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Synopsis

One of the Duke of Wellington's officers once remarked, We would rather see his long nose in the sight than a reinforcement of ten thousand men. Arthur Wellesley, first duke of Wellington (1769û1852), was one of the greatest military commanders in history and is best known as the successful opponent at Waterloo of arguably the leading general of all time, Napoleon Bonaparte.

Although Waterloo is the battle most associated with Wellington, his career was much wider. He gained his first military experience in the Netherlands in 1793-94 in an unsuccessful campaign that taught him, as he said, how not to do it. From there he went to India, where he conducted a number of successful campaigns and honed his military skills until he became Britain's leading general. With great strategic foresight and as master not only of the battlefield but also of organization and logistics, he helped expel the French from Spain and Portugal during the Peninsular War, which materially weakened Napoleon's strategic position and led to his downfall in 1814. After Napoleon returned from exile in 1815, Wellington was a principal leader of the coalition forces at Waterloo. In subsequent years, Wellington exerted a considerable influence on British politics, serving as prime minister and in later life as a trusted elder statesman. Upon his death, he was widely regarded as the greatest Briton of his generation and undisputedly one of the greatest British soldiers.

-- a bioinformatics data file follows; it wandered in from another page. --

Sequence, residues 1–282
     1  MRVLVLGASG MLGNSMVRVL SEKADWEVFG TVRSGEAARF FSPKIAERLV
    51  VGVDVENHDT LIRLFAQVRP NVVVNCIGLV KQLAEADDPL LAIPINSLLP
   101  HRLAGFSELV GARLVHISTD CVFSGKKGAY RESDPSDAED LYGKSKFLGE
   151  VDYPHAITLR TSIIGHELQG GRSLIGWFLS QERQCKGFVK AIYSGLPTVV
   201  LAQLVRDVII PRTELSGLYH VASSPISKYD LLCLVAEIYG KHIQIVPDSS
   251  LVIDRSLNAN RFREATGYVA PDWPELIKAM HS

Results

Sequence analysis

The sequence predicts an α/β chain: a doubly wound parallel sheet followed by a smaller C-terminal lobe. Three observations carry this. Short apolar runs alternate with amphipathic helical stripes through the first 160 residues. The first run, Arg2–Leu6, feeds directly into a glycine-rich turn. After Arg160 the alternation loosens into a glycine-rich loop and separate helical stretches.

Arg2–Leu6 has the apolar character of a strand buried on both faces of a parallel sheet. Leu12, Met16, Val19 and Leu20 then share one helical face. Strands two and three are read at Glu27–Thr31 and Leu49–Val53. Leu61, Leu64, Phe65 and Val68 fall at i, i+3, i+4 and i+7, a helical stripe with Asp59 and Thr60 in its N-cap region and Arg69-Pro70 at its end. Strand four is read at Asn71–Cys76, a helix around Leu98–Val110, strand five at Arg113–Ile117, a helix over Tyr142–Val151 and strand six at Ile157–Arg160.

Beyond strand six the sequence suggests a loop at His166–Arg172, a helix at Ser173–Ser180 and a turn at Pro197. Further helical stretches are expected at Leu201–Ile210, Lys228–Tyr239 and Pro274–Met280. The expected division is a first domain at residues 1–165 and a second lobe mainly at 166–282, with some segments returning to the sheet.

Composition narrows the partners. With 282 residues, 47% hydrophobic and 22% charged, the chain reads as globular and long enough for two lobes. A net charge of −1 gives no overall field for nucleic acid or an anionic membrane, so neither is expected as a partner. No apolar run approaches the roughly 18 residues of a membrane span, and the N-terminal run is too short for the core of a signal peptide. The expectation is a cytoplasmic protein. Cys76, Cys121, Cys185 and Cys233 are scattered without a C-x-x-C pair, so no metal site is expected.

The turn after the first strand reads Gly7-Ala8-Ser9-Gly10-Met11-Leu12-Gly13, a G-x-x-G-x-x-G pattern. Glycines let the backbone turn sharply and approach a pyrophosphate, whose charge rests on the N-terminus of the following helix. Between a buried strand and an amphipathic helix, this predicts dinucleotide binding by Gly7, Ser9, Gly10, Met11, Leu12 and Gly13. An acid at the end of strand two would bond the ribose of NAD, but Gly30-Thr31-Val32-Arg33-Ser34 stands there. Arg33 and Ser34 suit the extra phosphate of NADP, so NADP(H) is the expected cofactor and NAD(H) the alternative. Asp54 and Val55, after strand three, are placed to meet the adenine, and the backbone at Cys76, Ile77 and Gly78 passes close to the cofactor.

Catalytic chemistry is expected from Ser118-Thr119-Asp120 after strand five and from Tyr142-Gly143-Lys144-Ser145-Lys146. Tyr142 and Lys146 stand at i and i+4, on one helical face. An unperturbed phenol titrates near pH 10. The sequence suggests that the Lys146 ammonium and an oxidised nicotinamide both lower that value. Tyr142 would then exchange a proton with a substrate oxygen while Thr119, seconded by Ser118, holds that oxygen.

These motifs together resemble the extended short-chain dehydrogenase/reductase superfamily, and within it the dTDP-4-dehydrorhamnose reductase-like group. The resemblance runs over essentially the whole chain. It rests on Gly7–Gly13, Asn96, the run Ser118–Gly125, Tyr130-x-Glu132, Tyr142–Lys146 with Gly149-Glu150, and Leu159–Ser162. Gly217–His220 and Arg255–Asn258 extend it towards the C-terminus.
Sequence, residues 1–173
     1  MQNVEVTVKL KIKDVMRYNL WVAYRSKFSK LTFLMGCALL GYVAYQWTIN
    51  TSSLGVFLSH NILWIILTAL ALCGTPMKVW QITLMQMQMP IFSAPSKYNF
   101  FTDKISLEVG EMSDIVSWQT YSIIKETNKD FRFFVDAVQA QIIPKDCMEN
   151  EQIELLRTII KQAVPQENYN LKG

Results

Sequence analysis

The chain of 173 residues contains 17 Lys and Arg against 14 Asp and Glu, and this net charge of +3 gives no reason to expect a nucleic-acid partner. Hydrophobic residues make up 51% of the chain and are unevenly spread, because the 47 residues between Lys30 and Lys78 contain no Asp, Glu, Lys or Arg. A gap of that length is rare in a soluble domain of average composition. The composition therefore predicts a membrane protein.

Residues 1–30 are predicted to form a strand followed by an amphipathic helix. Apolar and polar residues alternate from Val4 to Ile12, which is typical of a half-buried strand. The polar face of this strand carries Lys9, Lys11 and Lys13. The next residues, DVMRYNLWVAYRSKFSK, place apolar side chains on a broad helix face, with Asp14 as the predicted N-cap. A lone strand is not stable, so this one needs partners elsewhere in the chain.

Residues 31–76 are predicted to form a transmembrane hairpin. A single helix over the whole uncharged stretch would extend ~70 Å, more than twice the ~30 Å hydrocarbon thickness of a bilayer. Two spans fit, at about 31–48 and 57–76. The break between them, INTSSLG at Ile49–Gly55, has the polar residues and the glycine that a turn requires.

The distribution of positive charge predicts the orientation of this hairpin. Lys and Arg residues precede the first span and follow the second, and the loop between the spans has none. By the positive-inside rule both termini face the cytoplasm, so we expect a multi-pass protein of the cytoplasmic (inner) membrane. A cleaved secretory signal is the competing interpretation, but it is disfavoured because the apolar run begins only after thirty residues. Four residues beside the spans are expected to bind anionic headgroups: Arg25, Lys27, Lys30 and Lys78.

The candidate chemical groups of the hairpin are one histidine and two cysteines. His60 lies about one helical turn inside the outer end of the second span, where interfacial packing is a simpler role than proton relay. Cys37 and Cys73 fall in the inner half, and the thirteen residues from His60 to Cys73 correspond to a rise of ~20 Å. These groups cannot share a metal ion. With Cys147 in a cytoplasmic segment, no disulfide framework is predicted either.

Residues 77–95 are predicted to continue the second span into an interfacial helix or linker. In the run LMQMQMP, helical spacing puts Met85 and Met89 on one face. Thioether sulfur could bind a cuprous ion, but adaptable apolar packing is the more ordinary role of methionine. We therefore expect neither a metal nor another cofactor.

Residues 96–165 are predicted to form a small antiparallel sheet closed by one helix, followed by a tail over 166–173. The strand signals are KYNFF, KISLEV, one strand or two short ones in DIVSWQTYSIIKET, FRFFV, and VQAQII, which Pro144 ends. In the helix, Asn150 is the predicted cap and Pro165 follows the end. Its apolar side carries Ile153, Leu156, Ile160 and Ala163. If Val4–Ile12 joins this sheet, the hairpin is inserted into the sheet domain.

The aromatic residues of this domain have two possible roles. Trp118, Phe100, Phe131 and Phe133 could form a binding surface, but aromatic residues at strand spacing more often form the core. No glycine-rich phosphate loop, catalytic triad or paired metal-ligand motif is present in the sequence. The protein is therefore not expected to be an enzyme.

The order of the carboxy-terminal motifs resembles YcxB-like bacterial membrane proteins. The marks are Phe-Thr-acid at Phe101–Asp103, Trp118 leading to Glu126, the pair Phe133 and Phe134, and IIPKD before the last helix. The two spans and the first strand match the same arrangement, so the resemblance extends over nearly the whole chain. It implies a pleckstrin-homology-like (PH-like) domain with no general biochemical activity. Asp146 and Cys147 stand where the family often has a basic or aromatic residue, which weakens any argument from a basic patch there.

The Duke of Wellington has been the subject of many biographies over the years but none as comprehensive yet concise as this latest addition to Potomac's Military Profiles series.

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